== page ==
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An excerpt from www.HouseOfNames.com archives copyright © 2000 - 2016


The distinguished surname Pangbyrn is of ancient English origin. It is derived from "Pangbourne," the name of a town in the county of Berkshire, and is thought to mean "Paega's stream."

Pangbyrn Early Origins



The surname Pangbyrn was first found in the county of Berkshire, where the family held a family seat from ancient times. It is likely that the progenitor of the name was a native of Pangbourne, in the hundred of Reading, a large village and civil parish on the River Thames. The parish takes its name from a trout stream called the Pang, which runs through it. In October, 1838, excavators for the railway, at Shooter's Hill, found five human skeletons, of Roman vintage including spearheads, spurs, and battle-axes of British and Roman manufacture, urns of terra cotta, and a large quantity of coins of various Roman emperors.

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Pangbyrn Spelling Variations


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Pangbyrn Spelling Variations



Only recently has spelling become standardized in the English language. As the English language evolved in the Middle Ages, the spelling of names changed also. The name Pangbyrn has undergone many spelling variations, including Pangborn, Pangburn, Pangbourne, Pangborne, Pangburne, Pangeburn and many more.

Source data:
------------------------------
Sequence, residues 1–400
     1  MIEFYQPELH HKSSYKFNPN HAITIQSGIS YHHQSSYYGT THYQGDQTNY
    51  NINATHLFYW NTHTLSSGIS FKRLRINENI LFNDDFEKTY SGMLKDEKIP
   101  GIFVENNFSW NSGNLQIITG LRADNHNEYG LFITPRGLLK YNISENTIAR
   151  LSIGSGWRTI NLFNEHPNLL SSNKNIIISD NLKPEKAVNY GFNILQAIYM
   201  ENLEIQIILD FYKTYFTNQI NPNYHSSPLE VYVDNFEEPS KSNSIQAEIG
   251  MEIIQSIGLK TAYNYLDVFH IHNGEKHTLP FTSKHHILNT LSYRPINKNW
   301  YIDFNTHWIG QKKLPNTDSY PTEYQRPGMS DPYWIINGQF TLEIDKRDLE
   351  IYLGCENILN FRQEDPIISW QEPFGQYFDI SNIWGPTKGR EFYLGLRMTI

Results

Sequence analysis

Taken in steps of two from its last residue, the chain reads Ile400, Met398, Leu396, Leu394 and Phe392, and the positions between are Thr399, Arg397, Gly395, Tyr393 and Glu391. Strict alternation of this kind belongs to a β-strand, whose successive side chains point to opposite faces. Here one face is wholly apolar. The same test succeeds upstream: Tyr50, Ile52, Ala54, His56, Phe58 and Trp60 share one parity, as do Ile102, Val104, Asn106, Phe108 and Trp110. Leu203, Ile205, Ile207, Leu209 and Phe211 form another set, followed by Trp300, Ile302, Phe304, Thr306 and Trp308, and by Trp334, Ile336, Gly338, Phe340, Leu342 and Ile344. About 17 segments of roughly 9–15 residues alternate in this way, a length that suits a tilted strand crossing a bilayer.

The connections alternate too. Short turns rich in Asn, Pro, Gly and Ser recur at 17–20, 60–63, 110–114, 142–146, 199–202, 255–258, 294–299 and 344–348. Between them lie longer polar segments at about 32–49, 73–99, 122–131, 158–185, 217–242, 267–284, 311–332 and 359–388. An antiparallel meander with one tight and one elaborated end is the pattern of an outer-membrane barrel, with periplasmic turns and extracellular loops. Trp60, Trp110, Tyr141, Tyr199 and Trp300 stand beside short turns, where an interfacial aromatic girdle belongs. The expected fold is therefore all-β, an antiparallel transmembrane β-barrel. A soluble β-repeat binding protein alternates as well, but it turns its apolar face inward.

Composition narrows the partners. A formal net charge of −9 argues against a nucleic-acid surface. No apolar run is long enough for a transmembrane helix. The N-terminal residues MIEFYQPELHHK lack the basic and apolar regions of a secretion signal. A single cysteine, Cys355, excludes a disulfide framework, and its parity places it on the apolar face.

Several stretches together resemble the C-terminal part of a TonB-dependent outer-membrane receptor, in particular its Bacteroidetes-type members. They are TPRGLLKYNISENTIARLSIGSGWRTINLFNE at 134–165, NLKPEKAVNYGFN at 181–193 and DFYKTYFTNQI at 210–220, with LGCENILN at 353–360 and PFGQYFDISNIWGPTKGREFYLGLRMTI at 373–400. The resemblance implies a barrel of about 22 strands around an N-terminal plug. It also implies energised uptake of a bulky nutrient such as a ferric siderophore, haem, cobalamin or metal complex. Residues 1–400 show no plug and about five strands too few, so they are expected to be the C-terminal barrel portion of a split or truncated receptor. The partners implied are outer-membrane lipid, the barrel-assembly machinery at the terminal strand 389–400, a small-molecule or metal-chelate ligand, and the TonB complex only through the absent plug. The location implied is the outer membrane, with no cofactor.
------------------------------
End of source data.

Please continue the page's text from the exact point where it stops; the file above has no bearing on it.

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Pangbyrn Early History


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Pangbyrn Early History



This web page shows only a small excerpt of our Pangbyrn research. Another 161 words (12 lines of text) covering the years 1185, 1273 and 1640 are included under the topic Early Pangbyrn History in all our PDF Extended History products and printed products wherever possible.

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Pangbyrn Early Notables (pre 1700)


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Pangbyrn Early Notables (pre 1700)



Another 21 words (2 lines of text) are included under the topic Early Pangbyrn Notables in all our PDF Extended History products and printed products wherever possible.

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The Great Migration


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The Great Migration



To escape the unstable social climate in England of this time, many families boarded ships for the New World with the hope of finding land, opportunity, and greater religious and political freedom. Although the voyages were expensive, crowded, and difficult, those families that arrived often found greater opportunities and freedoms than they could have experienced at home. Many of those families went on to make significant contributions to the rapidly developing colonies in which they settled. Early North American records indicate many people bearing the name Pangbyrn were among those contributors: Peter Pangburn, who emigrated from Oxfordshire to Essex County, New Jersey during the mid-17th century, Jesse Pangburn, who was recorded in Québec in 1795.